Application in Drones

Several technology companies combine 3D sensors, software, and algorithms to provide a comprehensive solution. For example, drones may combine ToF, LiDAR, stereo vision, and ultrasonic sensors to enable them to operate on autonomous flight modes with collision avoidance systems. Listed below are various applications of 3D sensing in drones:

  • Indoor Navigation
  • Gesture Recognition
  • Object Scanning
  • Collision Avoidance
  • Track Objects
  • Measure Volumes
  • Surveillance of a Target Zone
  • Count Objects or People
  • Fast Precise Distance-to-Target Readings
  • Augmented Reality /Virtual Reality
  • Estimate Size and Shape of Objects
  • Enhanced 3D Photography

Walkera Aibao drone, along with its software application, allows the user to play a virtual reality flight game in the real world. This drone combines the real and virtual worlds to deliver an ultimate gaming experience to users.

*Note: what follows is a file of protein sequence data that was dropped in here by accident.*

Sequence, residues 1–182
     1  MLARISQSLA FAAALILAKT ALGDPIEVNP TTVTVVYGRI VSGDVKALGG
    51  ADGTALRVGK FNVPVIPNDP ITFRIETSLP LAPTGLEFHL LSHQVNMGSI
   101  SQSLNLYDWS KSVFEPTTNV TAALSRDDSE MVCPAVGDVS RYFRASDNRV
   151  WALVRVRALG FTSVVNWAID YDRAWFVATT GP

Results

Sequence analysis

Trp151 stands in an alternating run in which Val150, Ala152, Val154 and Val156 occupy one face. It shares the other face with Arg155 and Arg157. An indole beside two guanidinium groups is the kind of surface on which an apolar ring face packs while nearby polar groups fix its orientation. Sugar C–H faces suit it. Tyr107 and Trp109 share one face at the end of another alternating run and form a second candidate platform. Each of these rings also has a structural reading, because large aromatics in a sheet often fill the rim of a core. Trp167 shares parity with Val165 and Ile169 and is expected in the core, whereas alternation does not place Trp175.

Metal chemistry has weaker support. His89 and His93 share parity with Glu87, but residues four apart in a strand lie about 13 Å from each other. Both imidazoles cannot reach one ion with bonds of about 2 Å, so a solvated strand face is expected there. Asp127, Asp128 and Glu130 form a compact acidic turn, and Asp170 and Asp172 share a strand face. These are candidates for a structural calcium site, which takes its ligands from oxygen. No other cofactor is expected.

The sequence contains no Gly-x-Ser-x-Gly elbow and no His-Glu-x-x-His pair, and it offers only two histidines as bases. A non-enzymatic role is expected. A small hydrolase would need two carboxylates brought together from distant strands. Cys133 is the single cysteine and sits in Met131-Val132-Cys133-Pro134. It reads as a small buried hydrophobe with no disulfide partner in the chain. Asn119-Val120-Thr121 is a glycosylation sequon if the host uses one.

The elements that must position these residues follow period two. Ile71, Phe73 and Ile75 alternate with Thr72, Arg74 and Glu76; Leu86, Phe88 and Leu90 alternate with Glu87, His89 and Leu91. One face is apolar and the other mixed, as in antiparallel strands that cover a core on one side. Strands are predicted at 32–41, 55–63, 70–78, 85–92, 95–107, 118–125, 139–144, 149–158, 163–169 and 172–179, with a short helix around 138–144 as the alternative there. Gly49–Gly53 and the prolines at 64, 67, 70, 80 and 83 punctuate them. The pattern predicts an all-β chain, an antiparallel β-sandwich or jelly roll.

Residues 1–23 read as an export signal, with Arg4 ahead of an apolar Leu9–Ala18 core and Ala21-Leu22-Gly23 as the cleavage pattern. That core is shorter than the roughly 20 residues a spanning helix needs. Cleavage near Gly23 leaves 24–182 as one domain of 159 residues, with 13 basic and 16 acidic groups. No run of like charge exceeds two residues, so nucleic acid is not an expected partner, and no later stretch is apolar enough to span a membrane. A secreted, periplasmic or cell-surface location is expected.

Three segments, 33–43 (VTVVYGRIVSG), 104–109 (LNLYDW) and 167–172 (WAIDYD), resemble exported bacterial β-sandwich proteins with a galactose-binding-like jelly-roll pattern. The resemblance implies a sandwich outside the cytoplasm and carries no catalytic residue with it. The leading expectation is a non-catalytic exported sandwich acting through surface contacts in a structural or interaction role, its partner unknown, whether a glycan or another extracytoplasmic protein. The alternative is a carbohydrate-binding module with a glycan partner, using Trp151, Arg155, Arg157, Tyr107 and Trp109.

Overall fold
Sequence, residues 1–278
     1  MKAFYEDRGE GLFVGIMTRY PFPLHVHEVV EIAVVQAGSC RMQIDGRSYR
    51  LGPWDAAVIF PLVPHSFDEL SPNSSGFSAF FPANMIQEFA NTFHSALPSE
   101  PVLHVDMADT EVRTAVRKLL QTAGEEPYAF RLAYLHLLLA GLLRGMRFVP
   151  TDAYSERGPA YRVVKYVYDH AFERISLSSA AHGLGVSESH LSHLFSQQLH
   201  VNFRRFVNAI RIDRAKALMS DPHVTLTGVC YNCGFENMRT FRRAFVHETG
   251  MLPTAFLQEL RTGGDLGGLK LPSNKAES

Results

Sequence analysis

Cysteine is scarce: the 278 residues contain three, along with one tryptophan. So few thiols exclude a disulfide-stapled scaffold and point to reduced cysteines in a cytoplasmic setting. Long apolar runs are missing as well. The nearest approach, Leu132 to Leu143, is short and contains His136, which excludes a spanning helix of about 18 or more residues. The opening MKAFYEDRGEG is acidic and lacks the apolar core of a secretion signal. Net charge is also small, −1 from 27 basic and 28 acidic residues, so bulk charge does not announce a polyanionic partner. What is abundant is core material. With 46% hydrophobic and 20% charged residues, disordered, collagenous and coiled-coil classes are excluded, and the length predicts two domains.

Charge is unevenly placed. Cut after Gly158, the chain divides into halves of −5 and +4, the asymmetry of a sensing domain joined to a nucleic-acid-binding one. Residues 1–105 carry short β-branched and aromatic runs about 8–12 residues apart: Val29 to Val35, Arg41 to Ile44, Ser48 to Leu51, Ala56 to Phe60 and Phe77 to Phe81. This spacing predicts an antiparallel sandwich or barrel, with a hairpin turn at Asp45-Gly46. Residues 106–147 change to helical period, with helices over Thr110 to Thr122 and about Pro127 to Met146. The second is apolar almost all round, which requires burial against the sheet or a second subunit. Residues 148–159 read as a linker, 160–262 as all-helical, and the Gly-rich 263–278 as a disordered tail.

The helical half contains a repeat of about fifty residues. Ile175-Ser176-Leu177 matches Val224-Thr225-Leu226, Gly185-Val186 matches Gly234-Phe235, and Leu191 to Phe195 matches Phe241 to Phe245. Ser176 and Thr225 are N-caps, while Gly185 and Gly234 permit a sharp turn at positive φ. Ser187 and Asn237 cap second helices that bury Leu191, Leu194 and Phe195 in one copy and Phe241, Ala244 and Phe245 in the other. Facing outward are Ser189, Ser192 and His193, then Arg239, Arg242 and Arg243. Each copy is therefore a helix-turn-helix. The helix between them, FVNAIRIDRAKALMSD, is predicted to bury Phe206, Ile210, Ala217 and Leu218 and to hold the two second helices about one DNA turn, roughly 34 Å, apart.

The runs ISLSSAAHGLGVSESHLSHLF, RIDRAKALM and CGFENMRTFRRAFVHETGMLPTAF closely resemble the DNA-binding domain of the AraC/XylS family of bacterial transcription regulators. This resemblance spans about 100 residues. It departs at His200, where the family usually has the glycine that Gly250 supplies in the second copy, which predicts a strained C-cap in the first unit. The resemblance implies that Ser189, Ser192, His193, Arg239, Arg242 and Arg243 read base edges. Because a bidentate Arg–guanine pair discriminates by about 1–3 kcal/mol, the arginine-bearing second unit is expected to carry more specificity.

Widget Applications

Major electronic giants such as Apple, Samsung, and Sony are incorporating 3D sensing in their gadgets to provide the most unique user experience. A 3D imaging sensor that can capture images through walls is currently under development. This feature could be a major breakthrough for home security systems, as individuals can monitor different rooms of their homes from a distance.
The sensing feature can be targeted at cable companies, broadband, and smart home sectors. It is expected to ensure absolute residential security, owing to the ability of the sensor to monitor motions and activities of several individuals in a room. The feature may help in reducing the installation turnaround time of equipment provided by cable companies.


3D sensing aims at connecting devices with the real world to enhance the end-user experience. Increased adoption of 3D sensing in smartphones is driving downsize, the power consumed, and cost and on the other hand, driving up performance. This is also enabling the expanded use of 3D sensing in other end applications, such as automotive and industrial robotics. The need to test these applications in the coming years is critical, as they all have a safety or security component to them.